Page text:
In June 1894, my Great-Grandfather, King George I of Greece, Baron Pierre de Coubertin, the founding father of the modern Olympics, and a group of gentlemen met at the Sorbonne in Paris. Their "mission" was to revive the Olympic Games, an athletic festival, they believed, rooted in the challenging idea that sport could promote international understanding and co-operation.

The International Olympic Committee was formed at this meeting and the first "modern" Games held in Athens in 1896, with 245 athletes from 13 countries participating.

My Grandfather, the then Crown Prince, had the challenge of overseeing the organisation of the Games, as first president of the National Olympic Committee.

He also took the initiative to raise the financial resources necessary for the reconstruction of the Stadium, after his father, King George I donated to the Greek Olympic Committee the very land where now the Panathenaikon Stadium stands.

He then went on to handle difficult negotiations with the representatives from France, Germany, Hungary, Russia, Sweden and his fellow countrymen.

Baron Pierre de Coubertin had a noble ideal. In Athens, in March 1894, he said and I quote: "This is the order of ideas, Gentlemen, from which I intend to draw the elements of moral strength which should guide and protect the revival of sport. Healthy democracy, wise and peaceful internationalism will enter the new stadium and preserve the cult of honour and unselfishness, that will allow sport to become an instrument of moral perfection and social peace, as well as muscular development". And as a former Olympic competitor, I can now appreciate how wise he was.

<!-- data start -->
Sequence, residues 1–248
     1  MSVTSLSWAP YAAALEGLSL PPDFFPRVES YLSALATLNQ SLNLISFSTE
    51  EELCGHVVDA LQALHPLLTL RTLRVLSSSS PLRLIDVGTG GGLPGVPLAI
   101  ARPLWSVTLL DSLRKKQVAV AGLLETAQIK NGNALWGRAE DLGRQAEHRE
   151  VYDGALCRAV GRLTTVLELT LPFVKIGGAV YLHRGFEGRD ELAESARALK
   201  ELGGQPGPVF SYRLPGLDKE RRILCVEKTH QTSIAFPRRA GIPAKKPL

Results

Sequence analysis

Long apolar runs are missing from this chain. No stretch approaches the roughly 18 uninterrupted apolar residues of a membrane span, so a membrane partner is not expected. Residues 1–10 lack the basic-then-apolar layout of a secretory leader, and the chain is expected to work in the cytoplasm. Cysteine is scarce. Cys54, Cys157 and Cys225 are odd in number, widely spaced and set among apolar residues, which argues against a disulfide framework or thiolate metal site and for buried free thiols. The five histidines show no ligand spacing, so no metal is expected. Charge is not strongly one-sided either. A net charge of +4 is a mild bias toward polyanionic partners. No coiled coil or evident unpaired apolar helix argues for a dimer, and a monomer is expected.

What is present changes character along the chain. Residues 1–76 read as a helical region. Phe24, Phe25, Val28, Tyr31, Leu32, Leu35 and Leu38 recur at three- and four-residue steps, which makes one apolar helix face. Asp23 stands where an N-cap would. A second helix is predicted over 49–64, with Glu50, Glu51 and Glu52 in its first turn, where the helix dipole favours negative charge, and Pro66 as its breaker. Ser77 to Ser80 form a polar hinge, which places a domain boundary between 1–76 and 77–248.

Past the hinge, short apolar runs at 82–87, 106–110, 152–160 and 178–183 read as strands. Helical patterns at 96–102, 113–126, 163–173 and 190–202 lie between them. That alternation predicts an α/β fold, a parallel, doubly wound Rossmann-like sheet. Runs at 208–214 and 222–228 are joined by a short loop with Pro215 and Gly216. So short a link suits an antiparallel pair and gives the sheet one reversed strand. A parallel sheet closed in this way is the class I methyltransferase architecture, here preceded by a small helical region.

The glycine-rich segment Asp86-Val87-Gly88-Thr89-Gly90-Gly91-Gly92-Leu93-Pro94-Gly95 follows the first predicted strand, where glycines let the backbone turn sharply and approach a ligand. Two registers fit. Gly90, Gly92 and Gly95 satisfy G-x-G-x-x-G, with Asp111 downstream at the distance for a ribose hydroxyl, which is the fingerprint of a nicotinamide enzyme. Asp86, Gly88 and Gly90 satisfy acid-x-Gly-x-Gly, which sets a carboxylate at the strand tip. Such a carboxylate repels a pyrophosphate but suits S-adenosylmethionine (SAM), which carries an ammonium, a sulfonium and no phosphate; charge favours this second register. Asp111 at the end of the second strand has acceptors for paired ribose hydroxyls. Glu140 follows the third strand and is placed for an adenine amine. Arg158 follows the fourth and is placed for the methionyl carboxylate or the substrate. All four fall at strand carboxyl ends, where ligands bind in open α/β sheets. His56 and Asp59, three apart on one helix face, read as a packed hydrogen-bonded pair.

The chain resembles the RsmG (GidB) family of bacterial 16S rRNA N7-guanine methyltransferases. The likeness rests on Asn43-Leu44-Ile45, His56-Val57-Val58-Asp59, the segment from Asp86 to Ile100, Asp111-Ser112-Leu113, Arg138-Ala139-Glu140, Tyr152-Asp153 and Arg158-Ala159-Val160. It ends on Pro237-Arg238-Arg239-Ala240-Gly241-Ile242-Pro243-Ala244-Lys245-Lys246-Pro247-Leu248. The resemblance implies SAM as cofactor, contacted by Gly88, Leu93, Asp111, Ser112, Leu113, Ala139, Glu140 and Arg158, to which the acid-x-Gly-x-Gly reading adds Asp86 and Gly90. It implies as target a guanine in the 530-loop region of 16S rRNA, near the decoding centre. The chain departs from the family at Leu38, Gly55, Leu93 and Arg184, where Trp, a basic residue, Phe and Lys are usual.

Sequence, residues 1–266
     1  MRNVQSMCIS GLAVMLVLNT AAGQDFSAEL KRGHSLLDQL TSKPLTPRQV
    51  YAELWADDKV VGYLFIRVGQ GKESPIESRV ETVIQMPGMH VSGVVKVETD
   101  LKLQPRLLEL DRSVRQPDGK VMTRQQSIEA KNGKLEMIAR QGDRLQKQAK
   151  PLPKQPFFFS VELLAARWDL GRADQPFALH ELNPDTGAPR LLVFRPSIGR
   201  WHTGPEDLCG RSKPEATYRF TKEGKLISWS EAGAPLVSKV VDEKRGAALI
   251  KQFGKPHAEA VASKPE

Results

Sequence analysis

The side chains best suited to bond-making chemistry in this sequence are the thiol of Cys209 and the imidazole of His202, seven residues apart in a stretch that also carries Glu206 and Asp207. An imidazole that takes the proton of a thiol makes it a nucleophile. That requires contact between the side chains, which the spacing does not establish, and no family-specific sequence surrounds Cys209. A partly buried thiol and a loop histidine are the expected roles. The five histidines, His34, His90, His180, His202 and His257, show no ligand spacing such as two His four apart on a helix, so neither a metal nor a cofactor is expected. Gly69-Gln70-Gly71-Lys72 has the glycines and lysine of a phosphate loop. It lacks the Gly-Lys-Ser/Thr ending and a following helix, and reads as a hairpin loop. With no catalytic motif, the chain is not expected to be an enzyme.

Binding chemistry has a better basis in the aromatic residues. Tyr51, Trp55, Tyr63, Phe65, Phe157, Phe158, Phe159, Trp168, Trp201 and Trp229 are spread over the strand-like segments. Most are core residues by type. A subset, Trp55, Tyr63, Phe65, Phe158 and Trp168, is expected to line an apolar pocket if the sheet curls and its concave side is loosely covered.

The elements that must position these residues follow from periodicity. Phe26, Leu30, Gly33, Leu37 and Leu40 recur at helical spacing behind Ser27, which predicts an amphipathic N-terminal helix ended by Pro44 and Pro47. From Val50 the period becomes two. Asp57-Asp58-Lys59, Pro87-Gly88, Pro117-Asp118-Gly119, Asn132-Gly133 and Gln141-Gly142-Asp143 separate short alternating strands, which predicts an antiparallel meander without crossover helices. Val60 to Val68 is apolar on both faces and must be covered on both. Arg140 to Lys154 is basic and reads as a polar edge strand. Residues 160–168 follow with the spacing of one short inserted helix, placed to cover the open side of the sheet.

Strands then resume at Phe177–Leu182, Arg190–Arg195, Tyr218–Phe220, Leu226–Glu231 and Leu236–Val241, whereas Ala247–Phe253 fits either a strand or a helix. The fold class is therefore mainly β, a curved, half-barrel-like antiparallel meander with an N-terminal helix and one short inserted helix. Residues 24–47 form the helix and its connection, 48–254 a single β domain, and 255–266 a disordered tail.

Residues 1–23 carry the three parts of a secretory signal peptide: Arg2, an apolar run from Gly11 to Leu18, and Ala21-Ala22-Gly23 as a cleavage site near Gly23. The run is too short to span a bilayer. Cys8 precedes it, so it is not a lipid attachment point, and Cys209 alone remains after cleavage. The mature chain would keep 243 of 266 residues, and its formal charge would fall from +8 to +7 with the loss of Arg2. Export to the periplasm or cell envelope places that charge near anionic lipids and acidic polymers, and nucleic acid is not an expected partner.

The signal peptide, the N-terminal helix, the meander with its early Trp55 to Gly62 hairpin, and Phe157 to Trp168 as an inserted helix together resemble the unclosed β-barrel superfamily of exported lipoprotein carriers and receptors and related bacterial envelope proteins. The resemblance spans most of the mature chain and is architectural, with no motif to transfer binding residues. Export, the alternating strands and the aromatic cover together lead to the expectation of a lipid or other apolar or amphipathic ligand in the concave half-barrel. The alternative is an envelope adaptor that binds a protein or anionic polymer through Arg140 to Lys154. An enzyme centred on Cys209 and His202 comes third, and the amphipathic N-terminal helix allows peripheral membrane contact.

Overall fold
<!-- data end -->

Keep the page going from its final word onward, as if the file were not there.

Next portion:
Juan Antonio Samaranch, President of the International Olympic Committee, has followed his ideal. He has, in the last 20 years, played the key role in a major regeneration that has taken place in the Olympic Movement, and has been personally responsible for its present high degree of unity.

Many changes have taken place in the last two years.

Our Executive Board now has 15 members from the five continents, including representatives from the summer and winter sports federations, the National Olympic Committees and athletes. Over 37 commissions and working groups, within which the IFs and NOCs are represented, have been set up over these years, enabling the subjects of concern to the Olympic Movement to be analysed in depth.